At the same time, the offices of the Association of Independent Electronic Media (ANEM), also owned by B 92, were seized as well. It was not the Law on Public Information that was applied here, but a purely political decision to silence B 92 at a time when air strikes were certain and the decision had been made to sever all diplomatic relations with NATO countries.

Several months later B 92 managed to re-launch a somewhat reduced service, using the frequency and the offices of the Belgrade Radio and TV station Studio B, under the new title B2 92.

The state media and the authorities claim that all who are not involved in the reconstruction of the country are traitors, servants of the West.

This autumn, the Information Ministry brought 52 charges against the Printing House ABC Glas, 26 against the director, Slavoljub Kacarevic. The Ministry charges that ABC is in violation of the law for printing Promene (Changes) - a political leaflet for the Alliance for Change - which is not listed on the register of public media.

ABC's defence - that Promene is a party publication, one of many produced by the printers - was dismissed by the court. So far ABC and Kacarevic have been convicted on 21 of the 52 charges and fined 1.65 million dinars. At the end of the October, Deputy Prime Minister, Vojislav Seselj, filed charges against senior staff at the Belgrade daily Danas. The trial lasted just over an hour and resulted in a fine for the paper of 280,000 dinars Narodne Novine from Nis was fined 200,000 Dinars. In Kikinda, Kikindske Novine was fined the same amount after an official from the local Socialist Party filed charges.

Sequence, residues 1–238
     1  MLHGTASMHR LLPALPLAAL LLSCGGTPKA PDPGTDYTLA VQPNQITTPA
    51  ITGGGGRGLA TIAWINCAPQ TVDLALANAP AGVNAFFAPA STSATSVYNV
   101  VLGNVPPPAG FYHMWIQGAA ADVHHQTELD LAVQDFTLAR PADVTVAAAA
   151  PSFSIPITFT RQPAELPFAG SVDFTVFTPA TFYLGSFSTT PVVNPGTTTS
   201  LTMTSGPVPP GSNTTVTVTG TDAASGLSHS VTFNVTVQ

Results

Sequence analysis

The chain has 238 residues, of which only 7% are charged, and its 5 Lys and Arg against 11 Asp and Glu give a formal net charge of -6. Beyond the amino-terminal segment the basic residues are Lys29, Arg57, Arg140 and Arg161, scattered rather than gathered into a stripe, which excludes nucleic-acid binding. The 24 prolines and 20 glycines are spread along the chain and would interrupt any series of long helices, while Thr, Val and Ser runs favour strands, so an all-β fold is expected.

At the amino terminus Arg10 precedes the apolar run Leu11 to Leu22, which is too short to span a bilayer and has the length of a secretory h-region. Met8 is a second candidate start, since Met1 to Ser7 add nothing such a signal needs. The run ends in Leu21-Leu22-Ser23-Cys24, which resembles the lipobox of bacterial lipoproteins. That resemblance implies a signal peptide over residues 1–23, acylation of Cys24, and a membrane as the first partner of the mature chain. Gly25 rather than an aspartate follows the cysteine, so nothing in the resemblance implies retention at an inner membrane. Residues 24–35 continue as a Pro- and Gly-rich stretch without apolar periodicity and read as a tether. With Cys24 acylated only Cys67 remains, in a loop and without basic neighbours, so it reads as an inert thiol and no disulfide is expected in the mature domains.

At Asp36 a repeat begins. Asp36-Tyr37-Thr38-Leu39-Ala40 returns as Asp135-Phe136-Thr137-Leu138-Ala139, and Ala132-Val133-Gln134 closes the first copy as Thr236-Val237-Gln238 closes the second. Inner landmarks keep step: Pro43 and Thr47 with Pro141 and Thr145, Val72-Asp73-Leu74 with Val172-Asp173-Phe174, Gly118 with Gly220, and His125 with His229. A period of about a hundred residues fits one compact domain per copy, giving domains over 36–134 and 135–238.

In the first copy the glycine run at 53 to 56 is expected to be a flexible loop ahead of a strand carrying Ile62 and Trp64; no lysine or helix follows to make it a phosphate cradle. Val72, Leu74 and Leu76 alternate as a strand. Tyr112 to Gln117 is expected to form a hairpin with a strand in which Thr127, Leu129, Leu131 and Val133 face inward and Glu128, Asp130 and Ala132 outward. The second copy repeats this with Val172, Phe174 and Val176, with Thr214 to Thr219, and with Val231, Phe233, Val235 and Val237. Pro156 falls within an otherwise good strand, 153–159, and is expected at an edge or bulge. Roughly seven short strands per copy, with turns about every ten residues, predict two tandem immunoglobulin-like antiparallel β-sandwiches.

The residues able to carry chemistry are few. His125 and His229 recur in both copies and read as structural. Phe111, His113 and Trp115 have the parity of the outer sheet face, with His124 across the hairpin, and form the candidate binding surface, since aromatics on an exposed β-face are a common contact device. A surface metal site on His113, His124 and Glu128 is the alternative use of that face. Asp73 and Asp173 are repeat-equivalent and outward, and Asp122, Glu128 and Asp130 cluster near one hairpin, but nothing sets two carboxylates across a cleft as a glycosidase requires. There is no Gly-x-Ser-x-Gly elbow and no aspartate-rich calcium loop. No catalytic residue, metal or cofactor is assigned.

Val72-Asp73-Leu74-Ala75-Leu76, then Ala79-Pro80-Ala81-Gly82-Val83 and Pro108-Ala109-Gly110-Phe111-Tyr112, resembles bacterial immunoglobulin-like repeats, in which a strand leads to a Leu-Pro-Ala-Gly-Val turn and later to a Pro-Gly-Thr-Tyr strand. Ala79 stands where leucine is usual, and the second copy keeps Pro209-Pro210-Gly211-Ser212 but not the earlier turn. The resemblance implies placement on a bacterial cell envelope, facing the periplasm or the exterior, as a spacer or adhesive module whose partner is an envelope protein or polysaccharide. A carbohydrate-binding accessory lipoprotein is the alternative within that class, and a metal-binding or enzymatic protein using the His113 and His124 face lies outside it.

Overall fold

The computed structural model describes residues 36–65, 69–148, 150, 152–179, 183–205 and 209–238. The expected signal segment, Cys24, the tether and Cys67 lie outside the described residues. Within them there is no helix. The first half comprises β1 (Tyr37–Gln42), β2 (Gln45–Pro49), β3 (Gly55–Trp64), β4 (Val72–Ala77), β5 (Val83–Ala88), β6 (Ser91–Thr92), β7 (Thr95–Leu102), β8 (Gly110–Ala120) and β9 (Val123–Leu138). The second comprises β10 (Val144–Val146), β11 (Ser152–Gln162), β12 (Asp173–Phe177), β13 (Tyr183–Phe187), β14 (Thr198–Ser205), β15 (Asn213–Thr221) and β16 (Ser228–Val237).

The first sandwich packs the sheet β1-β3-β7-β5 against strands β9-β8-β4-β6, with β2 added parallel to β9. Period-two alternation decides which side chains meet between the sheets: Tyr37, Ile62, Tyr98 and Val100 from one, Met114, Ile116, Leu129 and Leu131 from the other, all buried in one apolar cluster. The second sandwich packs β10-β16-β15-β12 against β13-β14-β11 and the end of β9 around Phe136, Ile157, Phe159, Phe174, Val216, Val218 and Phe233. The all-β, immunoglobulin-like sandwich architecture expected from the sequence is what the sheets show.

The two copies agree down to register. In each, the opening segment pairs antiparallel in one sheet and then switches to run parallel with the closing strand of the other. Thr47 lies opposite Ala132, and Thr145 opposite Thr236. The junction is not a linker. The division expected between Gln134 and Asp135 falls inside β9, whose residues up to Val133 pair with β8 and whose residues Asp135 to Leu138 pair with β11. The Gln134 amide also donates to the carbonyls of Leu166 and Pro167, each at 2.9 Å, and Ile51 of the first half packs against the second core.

All the above were the victims of charges based on allegations of libel. And not once did the court investigate the accuracy of the 'libelous' words printed in the papers. Only one case has ever been dismissed. Financial fines leveled against the media are exceptionally high by local standards and are often crippling for publications that enjoy only small circulation. The fines also provide a useful source of revenue for the Serbian national treasury.

But fines are not the only punishment meted out, prison terms have also been handed down. Nebojsa Ristic, editor of television and radio station Soko from Sokobanja, is currently serving a one-year prison term in Zajecar for displaying a poster saying "Free press / Made in Serbia" in his office window.

Srdjan Jankovic and Zoran Lukovic, journalists of Dnevni Telegraf have been sentenced to five months' imprisonment each after Milovan Bojic, a Deputy Prime Minister, filed criminal charges against them under Article 3 of the Criminal Code, alleging they spread false information and caused public disturbance. Journalist Zoja Jovanov is also facing prosecution under the same law for an article she wrote in 1997, which predicted devaluation in the currency two months before the event.

Nikola Djuric, owner of Radio City in Nis, is serving a two-month prison sentence under Article 219 of the same code for the 'unauthorised possession of a radio station'.

But the intimidation goes further than the heavy hand of the law. On October 28, ABC director, Kacarevic's found his car in flames outside a restaurant he often visits. The police investigation concluded an electrical fault was to blame, but Kacarevic is not convinced.

In Cacak, a car belonging to the editor-in-chief of the Radio Globus, Andrej Rakocevic, was completely destroyed by a fire on November 11. Rakocevic said he is afraid to even think this was an assassination attempt, but that he cannot believe a car that was working fine would just suddenly burst into flames.

A Danas correspondent in Valjevo, Nebojsa Andric, was rudely awoken just before 4.00 am one Saturday, when an explosion outside his house destroyed his front door and shattered all the windows in his house. Fortunately his heavily pregnant wife and three-year-old son were uninjured.

Police found no trace of explosives. Andric is also a correspondent for Radio Free Europe and president of the local branch of the Democratic Party. He has led demonstrations in Belgrade and helped organise the first Alliance for Change demonstrations in Cacak this year.

"The aim of this system of terror towards the public media is to intimidate public opinion in general," Jaksic concluded, adding that all this causes insecurity and frustration for ordinary people.

Vlado Mares is a journalist for the Belgrade news agency, BETA and a regular contributor to IWPR.